The silvery projectile left the Gauss rifle in a blur, rocketing through the control room and splattering part of that which was Magos against the walls. It did not, however, totally destroy what was fast becoming Master Arshavin once again. His many years of mutation and adaptation, had made him extremely hard to kill, and both more and somewhat less than human.
Whilst in his semi-machine state, he was still connected to all that was the construct, and he futilely tried to regain control. He was slapped mentally and watched helplessly, as the drone ships began to reform, their programming different somehow, as they blatantly disobeyed him.
He screamed as the last of his links were ripped asunder and once again, he was nothing more than one cast out ex-Tauran. Despair crashed in upon him, as his creatures disobeyed and rushed to do someone else’s bidding. All, though, was not lost, and as he braved the lack of atmosphere, his smashed control room and the less than responsive controls, he dragged himself to his survival pod.
Whoever had done this would pay, thought Arshavin, it was not over quite yet. Once inside the escape craft, he activated a sequence of keys manually, over-riding the ship’s own constraints and launching his lifeboat. It was no mere escape pod, his tinkerings over the centuries had seen to that for all of his creations. Sat cocooned in his new metal shell, he directed himself away from the remains of his construct, there would be time for a new Magos, something different and certainly less susceptible to destruction.
Marius was no longer quite human; the change process within the pupae had rebroken demon-twisted bones and grown new ones. The genetic pattern, held within the winged remains had been dominant over his remaining humanity and had burnt the tainted spores away. What now strode forth from the liquid remains of the pupae, was something much more; a new and improved version.
The circle of adoring creatures continued to croon encouragingly and Marius stopped, his head cocked on one side, as he watched them. His new eyes were bright, whirling with a myriad of colours and his movements were precise and avian-like. His hair was gone and a downy covering of feathers not only protected his bald pate, but had spread across his whole body, their rich blue colour striking.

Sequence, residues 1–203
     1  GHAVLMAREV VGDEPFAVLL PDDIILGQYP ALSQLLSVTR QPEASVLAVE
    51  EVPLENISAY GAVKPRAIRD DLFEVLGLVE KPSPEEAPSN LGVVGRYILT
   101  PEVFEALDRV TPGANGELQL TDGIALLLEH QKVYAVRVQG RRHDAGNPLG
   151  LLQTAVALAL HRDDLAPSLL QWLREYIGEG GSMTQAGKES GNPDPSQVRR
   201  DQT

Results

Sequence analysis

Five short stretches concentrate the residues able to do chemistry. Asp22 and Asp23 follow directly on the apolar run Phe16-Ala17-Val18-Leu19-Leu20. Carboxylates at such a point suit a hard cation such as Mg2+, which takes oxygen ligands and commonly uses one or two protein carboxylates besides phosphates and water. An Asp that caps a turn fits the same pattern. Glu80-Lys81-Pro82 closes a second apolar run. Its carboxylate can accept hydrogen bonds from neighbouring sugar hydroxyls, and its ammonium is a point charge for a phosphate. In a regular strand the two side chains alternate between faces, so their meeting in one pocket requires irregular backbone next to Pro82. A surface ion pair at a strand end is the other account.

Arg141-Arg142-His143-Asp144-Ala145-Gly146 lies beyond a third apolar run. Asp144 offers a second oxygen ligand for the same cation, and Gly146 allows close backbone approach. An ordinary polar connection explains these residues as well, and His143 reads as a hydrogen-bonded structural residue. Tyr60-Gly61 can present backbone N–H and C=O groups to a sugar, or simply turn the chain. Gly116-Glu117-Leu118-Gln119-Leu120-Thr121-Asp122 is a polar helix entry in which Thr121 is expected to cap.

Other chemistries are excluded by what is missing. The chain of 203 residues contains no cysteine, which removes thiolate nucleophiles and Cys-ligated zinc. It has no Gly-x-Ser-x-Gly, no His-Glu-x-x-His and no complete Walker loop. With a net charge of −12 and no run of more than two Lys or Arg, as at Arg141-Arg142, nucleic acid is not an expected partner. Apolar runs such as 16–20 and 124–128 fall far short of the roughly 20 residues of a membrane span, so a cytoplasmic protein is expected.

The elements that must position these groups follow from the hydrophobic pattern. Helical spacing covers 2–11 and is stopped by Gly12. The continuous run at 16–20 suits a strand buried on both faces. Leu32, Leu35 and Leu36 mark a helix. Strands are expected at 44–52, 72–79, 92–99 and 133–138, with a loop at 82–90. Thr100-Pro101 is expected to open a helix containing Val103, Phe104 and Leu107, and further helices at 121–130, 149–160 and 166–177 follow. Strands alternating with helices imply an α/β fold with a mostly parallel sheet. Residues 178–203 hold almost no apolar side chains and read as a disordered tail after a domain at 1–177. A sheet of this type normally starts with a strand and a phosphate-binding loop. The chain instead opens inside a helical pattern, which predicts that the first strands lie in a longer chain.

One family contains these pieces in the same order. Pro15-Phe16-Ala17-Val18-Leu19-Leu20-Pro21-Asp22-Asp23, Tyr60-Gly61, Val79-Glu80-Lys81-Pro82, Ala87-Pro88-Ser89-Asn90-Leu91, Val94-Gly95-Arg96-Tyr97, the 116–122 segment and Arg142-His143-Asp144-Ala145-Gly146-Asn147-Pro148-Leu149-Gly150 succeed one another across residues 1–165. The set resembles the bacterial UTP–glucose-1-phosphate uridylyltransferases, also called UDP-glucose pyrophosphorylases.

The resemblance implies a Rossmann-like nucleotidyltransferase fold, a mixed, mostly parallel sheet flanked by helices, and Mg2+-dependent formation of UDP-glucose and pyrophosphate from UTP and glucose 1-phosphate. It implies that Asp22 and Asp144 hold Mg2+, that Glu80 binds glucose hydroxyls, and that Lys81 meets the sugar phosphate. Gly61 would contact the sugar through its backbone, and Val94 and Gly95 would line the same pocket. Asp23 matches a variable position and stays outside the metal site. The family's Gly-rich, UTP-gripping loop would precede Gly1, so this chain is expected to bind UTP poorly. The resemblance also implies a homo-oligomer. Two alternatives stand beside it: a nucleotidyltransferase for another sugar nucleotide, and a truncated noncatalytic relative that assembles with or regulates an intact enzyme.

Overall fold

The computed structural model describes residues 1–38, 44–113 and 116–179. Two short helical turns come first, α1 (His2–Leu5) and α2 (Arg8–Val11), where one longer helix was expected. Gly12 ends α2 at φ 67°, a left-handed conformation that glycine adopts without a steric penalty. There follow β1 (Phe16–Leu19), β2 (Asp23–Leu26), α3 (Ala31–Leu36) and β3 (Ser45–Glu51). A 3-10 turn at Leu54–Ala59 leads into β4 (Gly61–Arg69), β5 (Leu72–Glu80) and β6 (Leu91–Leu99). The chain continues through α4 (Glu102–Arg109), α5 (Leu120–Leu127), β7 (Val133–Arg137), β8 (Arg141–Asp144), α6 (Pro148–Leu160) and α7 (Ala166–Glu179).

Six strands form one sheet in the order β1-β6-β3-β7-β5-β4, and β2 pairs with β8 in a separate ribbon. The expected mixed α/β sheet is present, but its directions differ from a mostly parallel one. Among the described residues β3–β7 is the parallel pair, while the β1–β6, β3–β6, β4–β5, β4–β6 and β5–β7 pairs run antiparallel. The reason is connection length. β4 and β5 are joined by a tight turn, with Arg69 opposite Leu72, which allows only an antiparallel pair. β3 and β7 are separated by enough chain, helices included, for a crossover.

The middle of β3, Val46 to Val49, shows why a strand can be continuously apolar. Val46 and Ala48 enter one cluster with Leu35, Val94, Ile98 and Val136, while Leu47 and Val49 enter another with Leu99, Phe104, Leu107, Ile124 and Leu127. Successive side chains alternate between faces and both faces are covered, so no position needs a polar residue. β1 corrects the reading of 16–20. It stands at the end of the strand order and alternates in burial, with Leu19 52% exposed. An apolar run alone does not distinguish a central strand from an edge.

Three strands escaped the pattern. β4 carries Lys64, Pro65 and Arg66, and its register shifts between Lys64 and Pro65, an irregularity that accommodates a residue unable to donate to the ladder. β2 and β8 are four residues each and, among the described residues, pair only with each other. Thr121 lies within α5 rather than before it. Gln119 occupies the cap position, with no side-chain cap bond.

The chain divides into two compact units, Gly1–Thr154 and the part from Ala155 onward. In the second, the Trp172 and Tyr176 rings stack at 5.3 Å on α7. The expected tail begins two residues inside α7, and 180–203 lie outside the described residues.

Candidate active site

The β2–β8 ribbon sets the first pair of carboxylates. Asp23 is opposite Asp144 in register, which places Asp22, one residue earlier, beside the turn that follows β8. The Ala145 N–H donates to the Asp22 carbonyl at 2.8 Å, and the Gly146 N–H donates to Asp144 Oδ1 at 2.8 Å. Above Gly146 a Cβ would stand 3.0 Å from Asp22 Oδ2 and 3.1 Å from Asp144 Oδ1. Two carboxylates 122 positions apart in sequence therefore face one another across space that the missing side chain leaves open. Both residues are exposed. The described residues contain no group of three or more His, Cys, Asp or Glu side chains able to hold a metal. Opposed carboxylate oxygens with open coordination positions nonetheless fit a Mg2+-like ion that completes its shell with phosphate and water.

His legs were long and spindly, seemingly too weak to support his upper body and its massively muscled chest. The need for such a powerful upper body was revealed as he stretched, and his creamy-white wings unfolded. He held them out to dry and croaked reassuringly at his watchers, who squatted patiently, awaiting his every command.
Shan ran, his putrid breath rasping loudly and echoing off the narrow-walled streets. Behind him came the last of his men and two of the newly converted undead creatures. They had not stopped to fight, rather as soon as he had heard Walter’s animals close by the Tauran Adept had fled. He had left his men behind and put as much distance between himself and the encroaching enemy as possible.
He could always create new troops, although the loss of his converted Immortals would hurt him, once he was clear. His Master needed him and Shan did not expect to let him down. In this the Tauran’s ego had taken over, demons cared little for their vessels and could easily find a new one.
On and on he ran, his heavy boots pounding against the ground, their beat echoed only by the scrabbling of claws by his side.
Viker and Johns led their squad into the central plaza at a run, claws unsheathed and teeth bared. Their accompanying soldiers quickly took cover, where they could and did begin laying down heavy fire against the remains of the undead forces. There were few now, as the creatures had decimated them to start with themselves being turned upon by Marius’ new allies.